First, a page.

Should you be training your gut or your brain? Our sense of having gut reactions is truer than many of us think. The latest research into how people make decisions demonstrates that, contrary to popular opinion, our emotions do not interfere with our decisions. Our emotions are essential to making good decisions in dealing with people rather than objects. While emotions can mislead us, this is most often because we haven't been trained in useful models for gut decision-making. Gutsy decisions are the best decisions when arising from trained strategic reflexes.
The oldest form of emotional reaction is the flight or fight reflex, a term coined in 1920s by the American physiologist, Walter B. Cannon. This reflex, found in all animals, involves the sympathetic nervous system and the adrenal gland. Work during World War II by Hans Selye identified a longer lasting response, the "General Adaptation Syndrome," with which operates in response to longer-term exposure to challenges to cause of stress.
The Role of Feelings
Our understanding of the connections between emotions and decisions has advanced considerably in recent years. The traditional view, at least among cognitive psychologists, was higher-level decision processes, were based on conscious, rational reasoning, the linear thought of our conscious narrative. Now we understand that the sophisticated parallel processing of the brain runs many calculations at once, too many for us to put into words in a conscious stream, but we are conscious of this processing. We are conscious of them as feelings, especially in our gut.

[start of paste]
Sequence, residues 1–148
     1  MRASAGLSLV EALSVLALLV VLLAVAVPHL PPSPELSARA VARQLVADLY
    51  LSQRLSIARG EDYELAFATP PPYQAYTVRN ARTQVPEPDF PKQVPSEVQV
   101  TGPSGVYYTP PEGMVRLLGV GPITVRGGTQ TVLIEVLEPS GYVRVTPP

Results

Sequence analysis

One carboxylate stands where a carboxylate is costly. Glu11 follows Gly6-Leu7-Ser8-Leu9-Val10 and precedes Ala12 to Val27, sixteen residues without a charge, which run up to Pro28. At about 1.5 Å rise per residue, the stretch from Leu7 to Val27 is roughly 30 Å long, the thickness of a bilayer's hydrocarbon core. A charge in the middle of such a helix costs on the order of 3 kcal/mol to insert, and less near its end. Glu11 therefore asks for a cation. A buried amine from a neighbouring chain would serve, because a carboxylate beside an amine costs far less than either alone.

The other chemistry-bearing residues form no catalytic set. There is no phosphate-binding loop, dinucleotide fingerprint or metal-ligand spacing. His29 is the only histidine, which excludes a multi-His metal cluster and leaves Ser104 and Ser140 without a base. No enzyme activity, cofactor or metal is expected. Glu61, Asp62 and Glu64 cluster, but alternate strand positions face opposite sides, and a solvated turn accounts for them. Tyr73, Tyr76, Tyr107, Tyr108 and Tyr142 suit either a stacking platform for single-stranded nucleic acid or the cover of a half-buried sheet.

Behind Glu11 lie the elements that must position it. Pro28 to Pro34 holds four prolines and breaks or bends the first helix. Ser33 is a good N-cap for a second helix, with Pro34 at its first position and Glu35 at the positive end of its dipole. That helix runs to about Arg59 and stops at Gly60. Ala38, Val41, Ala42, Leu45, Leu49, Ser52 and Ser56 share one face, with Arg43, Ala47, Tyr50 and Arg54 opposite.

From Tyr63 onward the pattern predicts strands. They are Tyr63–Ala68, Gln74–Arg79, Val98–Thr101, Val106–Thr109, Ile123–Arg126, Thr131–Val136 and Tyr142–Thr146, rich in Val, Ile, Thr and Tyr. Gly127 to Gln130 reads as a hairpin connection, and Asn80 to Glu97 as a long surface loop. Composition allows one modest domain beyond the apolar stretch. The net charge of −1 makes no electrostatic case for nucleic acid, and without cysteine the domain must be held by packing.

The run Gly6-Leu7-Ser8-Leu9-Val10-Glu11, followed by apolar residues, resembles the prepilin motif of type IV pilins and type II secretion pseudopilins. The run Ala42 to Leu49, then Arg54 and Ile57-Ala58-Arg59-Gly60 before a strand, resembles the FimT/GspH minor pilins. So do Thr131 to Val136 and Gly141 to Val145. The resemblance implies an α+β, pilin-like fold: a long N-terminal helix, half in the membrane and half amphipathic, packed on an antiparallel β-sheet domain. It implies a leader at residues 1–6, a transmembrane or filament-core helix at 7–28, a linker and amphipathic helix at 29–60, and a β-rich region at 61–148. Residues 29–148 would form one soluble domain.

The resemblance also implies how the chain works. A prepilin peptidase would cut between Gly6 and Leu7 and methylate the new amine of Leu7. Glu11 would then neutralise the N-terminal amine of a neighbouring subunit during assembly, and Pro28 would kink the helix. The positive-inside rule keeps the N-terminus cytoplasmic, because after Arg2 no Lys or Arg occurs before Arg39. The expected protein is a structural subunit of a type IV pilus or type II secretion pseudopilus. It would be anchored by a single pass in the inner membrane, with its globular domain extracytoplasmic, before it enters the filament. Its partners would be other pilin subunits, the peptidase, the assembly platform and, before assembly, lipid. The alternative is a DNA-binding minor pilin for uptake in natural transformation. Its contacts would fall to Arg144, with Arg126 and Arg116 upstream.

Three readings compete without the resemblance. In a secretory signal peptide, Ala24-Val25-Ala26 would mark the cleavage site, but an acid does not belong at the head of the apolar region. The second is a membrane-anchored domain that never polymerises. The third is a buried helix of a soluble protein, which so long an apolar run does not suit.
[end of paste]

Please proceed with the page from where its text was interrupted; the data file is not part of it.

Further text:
Why do we feel them in our gut? The first challenge to the idea of conscious choice was the research1 that discovered that our perceptions of situations form and affect our decisions before we are consciously aware of them. Through pairing of stimuli and response, we feel emotions that can guide our decisions. These emotions can guide our decisions before we are consciously aware of them. This has come to be called "somatic marker hypothesis." Somatic means "body" as opposed to "mind."
Our enteric (intestinal) nervous system is wired directly into the prefrontal cortex, the part of the brain that orchestrates our thoughts and actions in accordance with internal goals. When we get a feeling in our "gut," it is because our prefrontal cortex recognized elements of situations that we cannot or have not yet put into words.
Research involving people with damage to their prefrontal lobes2 has found that these patients were described as "decides against his best interest," "doesn't learn from his mistakes," "is impulsive," "decisions lead to negative consequences," and so on.
What is the name that psychologist give these processes in the prefrontal cortex? Our executive functions. We would call these our warrior's mind for comparing and choosing.